The Indexer runs as a program on a PC (actual or virtual). It must always be running and always logged in to the network. It does not, at present, run as a service. If the indexer program loses the connection to the network it stops working and users cannot search for new documents. The following are some of the most common reasons that this happens:
• The firm has not turned off auto-updates on the Indexer PC. Therefore in the dark of the night Microsoft downloads your updates and reboots the PC. But the PC does not log in, so the indexer can’t run. Turn off auto-updates on the Indexer. Repeat: Turn off auto-updates on the Indexer. If possible, set the Indexer to reboot and auto-log in so that the Index program starts up automatically.
• Server maintenance has been scheduled and the server rebooted. This breaks the network connection to the Indexer and it stops working. Rebooting the Indexer should be part of any maintenance routine. Again, set the Indexer to reboot and auto-log in.
• Some other updates are performed, or the firm has a policy that PCs are shut down at night. The Indexer must be exempted from this sort of policy.
To update indexes at night, the Indexer downloads them to local C: drive for better performance, updates them, and copies them back up to the server. If this process cannot complete for some reason, the Indexer can be left in an “off-line” status and not working.
How do you know whether the indexer has stopped working? Simple. If anyone can’t find files they know exist when you search, it is almost certain that the indexer has stopped. Typically a user will be able to see their own files that they have created because the pointer to them is stored in the personal *.ini file (this is separate from the index), but not find them when they search. Users should be trained to report the first instance of a search not working. If such reports represent “crying wolf,” users need additional training on best search techniques.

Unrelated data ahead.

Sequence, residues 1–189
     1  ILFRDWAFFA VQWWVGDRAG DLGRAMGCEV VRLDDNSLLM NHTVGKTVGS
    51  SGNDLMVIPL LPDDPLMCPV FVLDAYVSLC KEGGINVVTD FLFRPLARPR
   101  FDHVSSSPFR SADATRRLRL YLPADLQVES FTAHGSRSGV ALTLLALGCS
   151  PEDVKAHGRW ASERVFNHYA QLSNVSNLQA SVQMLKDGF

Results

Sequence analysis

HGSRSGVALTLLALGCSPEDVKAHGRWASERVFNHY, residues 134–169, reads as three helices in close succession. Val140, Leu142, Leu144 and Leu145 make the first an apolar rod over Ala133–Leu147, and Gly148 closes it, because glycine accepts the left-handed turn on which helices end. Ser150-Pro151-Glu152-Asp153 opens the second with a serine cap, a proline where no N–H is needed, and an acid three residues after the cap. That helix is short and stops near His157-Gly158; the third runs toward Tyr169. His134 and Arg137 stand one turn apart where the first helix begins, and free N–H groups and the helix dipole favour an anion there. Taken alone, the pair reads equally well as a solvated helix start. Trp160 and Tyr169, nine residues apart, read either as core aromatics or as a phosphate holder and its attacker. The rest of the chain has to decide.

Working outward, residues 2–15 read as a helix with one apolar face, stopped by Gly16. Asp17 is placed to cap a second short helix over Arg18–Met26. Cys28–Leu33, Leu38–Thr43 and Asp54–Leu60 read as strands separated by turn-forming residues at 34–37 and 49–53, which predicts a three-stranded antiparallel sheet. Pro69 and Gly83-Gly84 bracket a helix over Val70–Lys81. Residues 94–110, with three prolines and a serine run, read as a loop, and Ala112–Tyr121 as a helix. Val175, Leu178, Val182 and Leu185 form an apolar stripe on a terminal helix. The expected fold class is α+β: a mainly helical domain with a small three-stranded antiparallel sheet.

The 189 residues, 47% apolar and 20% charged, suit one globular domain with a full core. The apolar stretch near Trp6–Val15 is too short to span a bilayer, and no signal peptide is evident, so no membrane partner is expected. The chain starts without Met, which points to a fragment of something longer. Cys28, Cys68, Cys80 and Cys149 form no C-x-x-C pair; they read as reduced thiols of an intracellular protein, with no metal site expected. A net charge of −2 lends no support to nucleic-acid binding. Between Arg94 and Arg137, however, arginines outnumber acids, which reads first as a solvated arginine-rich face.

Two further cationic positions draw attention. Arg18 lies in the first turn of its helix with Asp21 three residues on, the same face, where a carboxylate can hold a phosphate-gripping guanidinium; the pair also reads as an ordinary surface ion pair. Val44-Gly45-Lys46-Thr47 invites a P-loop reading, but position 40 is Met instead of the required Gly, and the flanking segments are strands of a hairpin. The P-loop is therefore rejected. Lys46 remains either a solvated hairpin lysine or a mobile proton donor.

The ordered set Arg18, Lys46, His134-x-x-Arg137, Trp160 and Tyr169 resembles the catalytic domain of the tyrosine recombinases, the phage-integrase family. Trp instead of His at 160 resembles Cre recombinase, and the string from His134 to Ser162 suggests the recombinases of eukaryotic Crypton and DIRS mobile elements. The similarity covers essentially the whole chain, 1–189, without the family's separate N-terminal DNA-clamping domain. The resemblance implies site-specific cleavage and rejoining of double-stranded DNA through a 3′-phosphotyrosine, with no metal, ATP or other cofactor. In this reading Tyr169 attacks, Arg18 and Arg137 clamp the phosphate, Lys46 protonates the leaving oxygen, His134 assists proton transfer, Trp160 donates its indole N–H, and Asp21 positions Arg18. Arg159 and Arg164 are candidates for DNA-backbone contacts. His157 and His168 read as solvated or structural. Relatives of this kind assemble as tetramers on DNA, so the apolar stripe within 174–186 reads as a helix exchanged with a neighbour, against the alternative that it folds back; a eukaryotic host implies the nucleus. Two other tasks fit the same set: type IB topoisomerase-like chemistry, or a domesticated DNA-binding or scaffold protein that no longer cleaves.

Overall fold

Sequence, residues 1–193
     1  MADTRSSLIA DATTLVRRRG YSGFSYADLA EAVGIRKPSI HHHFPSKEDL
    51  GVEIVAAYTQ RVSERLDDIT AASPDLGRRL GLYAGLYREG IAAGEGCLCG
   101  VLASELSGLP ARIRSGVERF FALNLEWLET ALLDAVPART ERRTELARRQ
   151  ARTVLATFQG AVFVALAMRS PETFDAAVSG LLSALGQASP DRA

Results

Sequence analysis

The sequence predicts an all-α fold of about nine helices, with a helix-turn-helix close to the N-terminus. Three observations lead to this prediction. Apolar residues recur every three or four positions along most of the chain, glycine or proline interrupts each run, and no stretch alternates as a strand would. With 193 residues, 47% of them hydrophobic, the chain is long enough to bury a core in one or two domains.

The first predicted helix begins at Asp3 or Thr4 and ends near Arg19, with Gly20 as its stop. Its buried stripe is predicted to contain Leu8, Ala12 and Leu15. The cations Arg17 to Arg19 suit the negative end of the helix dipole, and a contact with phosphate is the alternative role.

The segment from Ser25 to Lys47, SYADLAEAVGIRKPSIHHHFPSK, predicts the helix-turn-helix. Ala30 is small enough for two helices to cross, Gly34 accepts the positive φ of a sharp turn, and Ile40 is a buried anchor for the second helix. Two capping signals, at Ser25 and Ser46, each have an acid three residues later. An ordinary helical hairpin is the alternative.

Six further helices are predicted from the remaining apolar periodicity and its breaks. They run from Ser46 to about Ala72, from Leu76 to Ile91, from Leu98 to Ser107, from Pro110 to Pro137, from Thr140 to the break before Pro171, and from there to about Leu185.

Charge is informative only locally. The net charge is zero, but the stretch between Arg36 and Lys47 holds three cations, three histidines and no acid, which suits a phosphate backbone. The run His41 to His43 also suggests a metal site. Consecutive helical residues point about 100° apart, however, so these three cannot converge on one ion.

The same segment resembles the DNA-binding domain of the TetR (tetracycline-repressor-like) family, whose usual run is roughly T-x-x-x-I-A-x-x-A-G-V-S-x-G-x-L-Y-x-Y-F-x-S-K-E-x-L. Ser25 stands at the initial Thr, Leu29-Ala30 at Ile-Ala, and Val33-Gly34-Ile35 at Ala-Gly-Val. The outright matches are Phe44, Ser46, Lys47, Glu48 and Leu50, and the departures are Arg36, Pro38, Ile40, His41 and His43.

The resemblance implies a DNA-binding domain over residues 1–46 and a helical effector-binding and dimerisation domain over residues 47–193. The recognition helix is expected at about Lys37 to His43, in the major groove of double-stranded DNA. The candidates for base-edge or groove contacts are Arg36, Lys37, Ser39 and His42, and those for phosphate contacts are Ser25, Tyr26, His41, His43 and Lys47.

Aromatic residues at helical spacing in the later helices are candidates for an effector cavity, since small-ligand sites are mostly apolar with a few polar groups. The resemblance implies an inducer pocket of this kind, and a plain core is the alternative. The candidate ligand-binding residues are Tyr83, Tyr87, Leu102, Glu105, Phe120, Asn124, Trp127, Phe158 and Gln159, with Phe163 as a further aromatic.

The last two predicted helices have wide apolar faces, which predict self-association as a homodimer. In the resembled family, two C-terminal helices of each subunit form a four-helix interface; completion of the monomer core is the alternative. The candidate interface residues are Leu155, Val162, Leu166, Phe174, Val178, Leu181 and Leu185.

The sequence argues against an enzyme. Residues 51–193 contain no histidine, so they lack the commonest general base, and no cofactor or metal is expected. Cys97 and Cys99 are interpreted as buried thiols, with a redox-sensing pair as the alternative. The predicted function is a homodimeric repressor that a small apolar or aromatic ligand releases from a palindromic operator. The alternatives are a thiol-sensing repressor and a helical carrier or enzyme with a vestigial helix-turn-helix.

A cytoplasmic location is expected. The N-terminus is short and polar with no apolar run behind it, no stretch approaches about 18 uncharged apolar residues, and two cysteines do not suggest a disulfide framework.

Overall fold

The best practice for a firm is to have a fairly savvy user/paralegal/office manager have RDP access to the Indexer from their PC. Then, as soon as the first person reports “search is not working” they can log into the Indexer and fix the issue. The following are the steps to be taken (from simple to complex).
• The indexer screen should already be running. If the PC logs in and the Indexer starts, it is a sign that it was disconnected from the network. You need to talk with your IT person about a permanent fix (see above).
• The indexer should normally show files recently opened, saved, etc. and should be counting down: Next Pass in 9, 8, 7, etc. seconds. If it is not, that is a sign that it is “hung.”
• At the bottom center of the Indexer screen, click on the “Close Server” button. Then click YES on the screen that says “Exit server mode and return to main screen.” The Indexer may (or may not) entirely restart. If it does, repeat the process.
• Check the drive letters you wish to index. Then click on the “Server” menu item and select “Start.” The server will go through some checks (“Recalculating current users”) and should then start scrolling through the items that had previously not been indexed. If there are a lot of them, it is a sign the Indexer has been down for some time.
• If the Indexer has some sort of error message, click out of it and restart the Indexer. If there is a message that it is busy, there are two copies of the Indexer trying to run. Exit all instances of the Indexer (you may have to use Task Manager to do this) and restart it.
• If this does not fix the problem, the indexes may be “off-line.” Stop the indexer as above. Then, click on a drive letter and select “Profile” then “Properties.” At the bottom of the screen, in the “Current Status” box, make sure “On-line - ready to find by Profile” is checked. Repeat for “Text” then “Properties.” Repeat for each drive letter.
• Start the Indexer Serve again as above (Start | Server).
If none of these things work, you are going to have to call your consultant or tech support.